After revealing her diagnosis in a Today segment that aired Monday on NBC, the “Perfect Illusion” singer published an open letter via her Born This Way Foundation‘s website Tuesday.
For five years, the 30-year-old pop music superstars said she “wrestled” with whether she should share her story publicly. “There is a lot of shame attached to mental illness,” Gaga explained, “but it’s important that you know that there is hope and a chance for recovery.”
From the outside looking in, few would guess Gaga has PTSD. “It is a daily effort for me, even during this album cycle, to regulate my nervous system so that I don’t panic over circumstances that to many would seem like normal life situations,” she wrote. “Examples are leaving the house or being touched by strangers who simply want to share their enthusiasm for my music.”
PTSD has affected the musician’s life in other ways, too.
Gaga explained that she often experiences dissociation, “which means that my mind doesn’t want to relive the pain so ‘I look off and I stare’ in a glazed over state. As my doctors have taught me, I cannot express my feelings because my pre-frontal cortex (the part of the brain that controls logical, orderly thought) is overridden by the amygdala (which stores emotional memory) and sends me into a fight or flight response. My body is in one place and my mind in another. It’s like the panic accelerator in my mind gets stuck and I am paralyzed with fear.”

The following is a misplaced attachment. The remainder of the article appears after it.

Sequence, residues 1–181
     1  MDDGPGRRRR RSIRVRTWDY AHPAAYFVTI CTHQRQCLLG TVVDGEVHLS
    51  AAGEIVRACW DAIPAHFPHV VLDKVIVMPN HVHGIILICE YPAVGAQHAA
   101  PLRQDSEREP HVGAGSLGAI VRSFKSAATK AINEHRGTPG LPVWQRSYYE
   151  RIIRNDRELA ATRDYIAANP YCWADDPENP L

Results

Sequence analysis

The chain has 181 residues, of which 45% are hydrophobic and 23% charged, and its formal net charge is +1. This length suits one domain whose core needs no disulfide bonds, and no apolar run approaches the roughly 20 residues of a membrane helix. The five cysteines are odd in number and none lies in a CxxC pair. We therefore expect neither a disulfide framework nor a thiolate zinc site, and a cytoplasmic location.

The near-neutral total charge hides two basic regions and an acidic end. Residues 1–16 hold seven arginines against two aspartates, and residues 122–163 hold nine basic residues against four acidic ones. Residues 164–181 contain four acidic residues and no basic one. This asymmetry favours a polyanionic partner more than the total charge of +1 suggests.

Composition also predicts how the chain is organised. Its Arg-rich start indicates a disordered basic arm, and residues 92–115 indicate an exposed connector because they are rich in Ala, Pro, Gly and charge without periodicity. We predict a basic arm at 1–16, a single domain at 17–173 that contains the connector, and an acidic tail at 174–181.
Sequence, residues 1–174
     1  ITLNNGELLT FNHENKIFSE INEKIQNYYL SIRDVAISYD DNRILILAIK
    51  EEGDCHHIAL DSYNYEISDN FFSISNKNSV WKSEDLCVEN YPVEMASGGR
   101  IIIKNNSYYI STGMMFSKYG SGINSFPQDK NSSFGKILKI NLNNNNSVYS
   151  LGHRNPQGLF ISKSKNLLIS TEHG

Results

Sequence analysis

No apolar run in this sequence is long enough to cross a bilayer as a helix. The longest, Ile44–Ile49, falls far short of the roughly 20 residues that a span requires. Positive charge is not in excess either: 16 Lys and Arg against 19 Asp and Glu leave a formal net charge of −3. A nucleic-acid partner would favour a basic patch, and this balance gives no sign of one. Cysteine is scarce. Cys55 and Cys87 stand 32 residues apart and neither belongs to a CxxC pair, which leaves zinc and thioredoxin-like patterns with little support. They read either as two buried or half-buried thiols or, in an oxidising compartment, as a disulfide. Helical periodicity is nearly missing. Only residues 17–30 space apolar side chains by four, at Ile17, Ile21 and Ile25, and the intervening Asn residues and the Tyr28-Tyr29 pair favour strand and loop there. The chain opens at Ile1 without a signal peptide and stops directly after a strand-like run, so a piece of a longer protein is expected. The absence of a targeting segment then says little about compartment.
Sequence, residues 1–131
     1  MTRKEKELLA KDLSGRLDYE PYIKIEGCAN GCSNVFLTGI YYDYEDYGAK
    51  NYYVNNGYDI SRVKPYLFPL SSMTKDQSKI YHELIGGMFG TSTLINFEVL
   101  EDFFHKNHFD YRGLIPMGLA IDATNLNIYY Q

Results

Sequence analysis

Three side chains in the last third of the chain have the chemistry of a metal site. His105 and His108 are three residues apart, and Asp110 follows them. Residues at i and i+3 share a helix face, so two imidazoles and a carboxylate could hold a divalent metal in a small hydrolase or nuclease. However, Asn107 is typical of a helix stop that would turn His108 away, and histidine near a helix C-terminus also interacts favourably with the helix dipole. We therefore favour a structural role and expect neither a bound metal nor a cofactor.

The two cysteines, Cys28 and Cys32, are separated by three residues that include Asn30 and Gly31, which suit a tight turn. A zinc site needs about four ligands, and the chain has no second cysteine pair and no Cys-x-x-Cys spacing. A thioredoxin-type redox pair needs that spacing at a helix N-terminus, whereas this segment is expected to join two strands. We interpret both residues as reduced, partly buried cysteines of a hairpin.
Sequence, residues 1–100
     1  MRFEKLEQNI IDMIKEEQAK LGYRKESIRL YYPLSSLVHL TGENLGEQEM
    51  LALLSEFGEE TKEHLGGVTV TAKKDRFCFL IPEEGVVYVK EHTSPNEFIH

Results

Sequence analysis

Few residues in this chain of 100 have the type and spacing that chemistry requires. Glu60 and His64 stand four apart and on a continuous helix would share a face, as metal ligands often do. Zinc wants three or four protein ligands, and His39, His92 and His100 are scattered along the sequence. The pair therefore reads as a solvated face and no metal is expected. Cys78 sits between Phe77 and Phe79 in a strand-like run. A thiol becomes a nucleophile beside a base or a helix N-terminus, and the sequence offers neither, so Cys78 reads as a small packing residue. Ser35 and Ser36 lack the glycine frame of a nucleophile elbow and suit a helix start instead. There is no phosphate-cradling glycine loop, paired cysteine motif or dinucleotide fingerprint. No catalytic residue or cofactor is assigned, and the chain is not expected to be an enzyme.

“Additionally, when I am unable to regulate my anxiety, it can result in somatization,” Gaga said, “which is pain in the body caused by an inability to express my emotional pain in words.”
But as her Little Monsters well know, Gaga isn’t one to give up.
“If you relate to what I am sharing,” Gaga added, “please know that you can too.”